Let me say this: both Simon Blackburn and Neal Stephenson are awesome! From looking at Truth: A Guide, by Blackburn, the title being a reference to Maimonides(again, see the wonderful wikipedia page), and Snow Crash, by Stephenson, these are the two best books I've looked at so far. Blackburn is obviously a world-class scholar who has thought very deeply about philosophical issues for his entire career; I can tell I"m going to enjoy reading the book with a sense that he could run philosophical circles around me if he were so inclined. In contrast to Neuromancer, Snow Crash is light, breezy, but no less profound for that; the world Stephenson paints is anarcho-capitalist and absurd. The main character, named Hiro Protagonist, is a combination hacker and pizza delivery driver -- well, he loses that job. Stephenson is having fun at the expense of the dark writing one finds in Neuromancer; this should make this book, though longer, far more readable.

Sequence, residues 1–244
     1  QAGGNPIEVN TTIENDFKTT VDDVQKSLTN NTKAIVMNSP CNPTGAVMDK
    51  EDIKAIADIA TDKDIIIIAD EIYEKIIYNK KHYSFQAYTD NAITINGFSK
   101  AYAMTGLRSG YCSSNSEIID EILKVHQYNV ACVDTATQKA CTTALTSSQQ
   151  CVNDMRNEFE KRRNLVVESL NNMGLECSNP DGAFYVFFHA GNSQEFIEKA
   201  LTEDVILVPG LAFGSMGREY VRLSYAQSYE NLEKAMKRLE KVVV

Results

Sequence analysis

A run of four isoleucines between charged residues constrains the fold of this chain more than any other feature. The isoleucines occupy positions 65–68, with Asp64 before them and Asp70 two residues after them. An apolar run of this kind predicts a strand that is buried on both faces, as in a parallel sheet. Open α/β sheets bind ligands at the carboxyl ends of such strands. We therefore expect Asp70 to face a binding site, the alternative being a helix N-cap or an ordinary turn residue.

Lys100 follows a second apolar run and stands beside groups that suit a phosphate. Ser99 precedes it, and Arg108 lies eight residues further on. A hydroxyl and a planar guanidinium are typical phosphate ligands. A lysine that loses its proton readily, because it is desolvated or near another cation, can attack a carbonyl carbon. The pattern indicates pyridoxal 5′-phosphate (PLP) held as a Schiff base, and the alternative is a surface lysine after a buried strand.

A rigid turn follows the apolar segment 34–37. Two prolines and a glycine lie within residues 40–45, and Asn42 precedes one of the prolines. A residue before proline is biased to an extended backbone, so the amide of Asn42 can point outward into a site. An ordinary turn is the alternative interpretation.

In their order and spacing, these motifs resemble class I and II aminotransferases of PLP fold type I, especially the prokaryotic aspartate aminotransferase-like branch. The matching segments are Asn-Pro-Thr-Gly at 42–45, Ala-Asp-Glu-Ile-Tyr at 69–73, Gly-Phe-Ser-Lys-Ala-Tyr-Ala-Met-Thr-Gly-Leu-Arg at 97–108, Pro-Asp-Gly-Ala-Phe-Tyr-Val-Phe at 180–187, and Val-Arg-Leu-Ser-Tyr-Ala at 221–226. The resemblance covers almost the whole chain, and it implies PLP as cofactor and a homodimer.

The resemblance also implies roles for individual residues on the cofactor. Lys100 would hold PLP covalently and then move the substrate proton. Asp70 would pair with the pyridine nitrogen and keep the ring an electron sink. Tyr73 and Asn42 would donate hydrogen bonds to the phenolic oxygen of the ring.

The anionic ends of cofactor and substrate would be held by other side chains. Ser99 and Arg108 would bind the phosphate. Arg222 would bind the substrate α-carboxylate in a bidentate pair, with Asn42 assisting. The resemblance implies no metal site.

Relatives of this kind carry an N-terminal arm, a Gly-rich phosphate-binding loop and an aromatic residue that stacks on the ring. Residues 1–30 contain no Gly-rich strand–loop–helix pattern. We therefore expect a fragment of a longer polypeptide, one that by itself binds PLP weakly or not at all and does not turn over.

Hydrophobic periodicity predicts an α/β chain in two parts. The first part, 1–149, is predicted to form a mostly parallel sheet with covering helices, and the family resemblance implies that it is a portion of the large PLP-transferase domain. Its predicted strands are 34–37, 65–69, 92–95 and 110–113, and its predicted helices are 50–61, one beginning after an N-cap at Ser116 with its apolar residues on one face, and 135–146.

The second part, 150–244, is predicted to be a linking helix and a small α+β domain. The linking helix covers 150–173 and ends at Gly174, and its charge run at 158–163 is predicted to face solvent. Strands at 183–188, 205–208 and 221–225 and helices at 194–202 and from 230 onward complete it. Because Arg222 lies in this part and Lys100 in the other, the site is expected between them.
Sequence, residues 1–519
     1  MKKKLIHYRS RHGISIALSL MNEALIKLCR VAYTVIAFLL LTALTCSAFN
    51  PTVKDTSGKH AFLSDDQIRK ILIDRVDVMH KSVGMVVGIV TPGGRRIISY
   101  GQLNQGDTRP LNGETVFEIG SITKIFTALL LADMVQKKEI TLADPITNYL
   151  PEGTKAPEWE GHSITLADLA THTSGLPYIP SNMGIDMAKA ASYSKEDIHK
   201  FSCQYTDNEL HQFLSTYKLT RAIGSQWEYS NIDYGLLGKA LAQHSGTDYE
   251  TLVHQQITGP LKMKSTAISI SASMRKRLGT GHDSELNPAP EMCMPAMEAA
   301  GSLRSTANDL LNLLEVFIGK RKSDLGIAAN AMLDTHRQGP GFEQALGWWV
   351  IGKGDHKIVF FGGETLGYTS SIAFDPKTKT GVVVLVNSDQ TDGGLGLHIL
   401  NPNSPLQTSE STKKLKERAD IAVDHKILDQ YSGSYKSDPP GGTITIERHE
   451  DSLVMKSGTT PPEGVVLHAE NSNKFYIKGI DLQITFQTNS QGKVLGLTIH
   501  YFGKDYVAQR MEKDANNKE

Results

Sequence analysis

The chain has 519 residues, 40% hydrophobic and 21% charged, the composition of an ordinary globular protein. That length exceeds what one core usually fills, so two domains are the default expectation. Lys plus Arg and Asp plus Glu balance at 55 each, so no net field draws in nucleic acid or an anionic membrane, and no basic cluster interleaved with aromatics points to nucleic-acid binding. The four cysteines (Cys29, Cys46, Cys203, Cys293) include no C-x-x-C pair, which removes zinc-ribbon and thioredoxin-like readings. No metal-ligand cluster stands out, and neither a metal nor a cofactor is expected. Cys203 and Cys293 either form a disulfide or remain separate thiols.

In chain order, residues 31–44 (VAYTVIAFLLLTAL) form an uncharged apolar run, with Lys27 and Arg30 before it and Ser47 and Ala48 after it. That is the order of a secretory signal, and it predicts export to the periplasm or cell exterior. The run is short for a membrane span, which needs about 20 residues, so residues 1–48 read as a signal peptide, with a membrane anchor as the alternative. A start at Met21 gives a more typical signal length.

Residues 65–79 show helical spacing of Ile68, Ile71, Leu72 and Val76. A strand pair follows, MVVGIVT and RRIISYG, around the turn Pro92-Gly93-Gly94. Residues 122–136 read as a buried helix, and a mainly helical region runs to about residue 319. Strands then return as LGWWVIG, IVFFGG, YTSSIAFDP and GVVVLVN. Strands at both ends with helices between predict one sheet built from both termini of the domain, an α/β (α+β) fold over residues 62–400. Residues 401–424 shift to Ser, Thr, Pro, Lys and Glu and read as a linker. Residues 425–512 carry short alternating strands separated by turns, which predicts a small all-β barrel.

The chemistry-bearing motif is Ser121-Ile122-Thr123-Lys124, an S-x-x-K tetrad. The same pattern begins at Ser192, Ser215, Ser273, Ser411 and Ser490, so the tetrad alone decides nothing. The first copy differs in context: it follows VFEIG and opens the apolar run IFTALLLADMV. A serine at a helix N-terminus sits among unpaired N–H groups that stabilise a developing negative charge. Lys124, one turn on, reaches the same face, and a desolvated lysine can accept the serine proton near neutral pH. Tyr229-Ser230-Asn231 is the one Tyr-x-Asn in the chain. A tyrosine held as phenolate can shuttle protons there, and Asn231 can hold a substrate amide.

Simon Blackburn takes on everyone in Truth: A Guide. He is an analytic philosopher with strong humanistic bona fides -- he protested the state visit of Pope Benedict XVI to the UK a little bit ago -- but he takes Nietzsche and the postmodernists head on:
"The urbane eighteenth-century Scottish philosopher David Hume seldom put a foot wrong, but he did say that while mistakes in religion are dangerous, generally speaking mistakes in philosophy are merely ridiculous. I believe he was mistaken about this, as does anyone who supposes that there is something diabolical in the region of relativism, multiculturalism or postmodernism, something which corrupts and corrodes the universities and the public culture, that sweeps away moral standards, lays waste young people's minds, and rots our precious civilization from within. For the issue is a philosophical one."(pg, xiv)
Now, I've read most of Nietzsche, but I have to admit, shamefacedly, that I have not read Thus Spake Zarathustra; so I will be reading that as I work through this book. It presents a side to Nietzsche other than the merely relativistic one; it presents Nietzsche's view of the death of God and his declaration of the ubermensch; I think Nietzsche's "relativism" is inseparable from this because it allows the ubermensch to create their own life freely, as a work of art. I will also be occasionally reading analytic works alongside the text. I thnk going through this will take some time, but it is definitely worth it!
As for Snow Crash, I will be breezing right through that, making occasional comments. I don't think this will take as long as the Blackburn, but will serve as comic relief from the rather heavy work I will be doing with the Blackburn. I'm looking forward to both!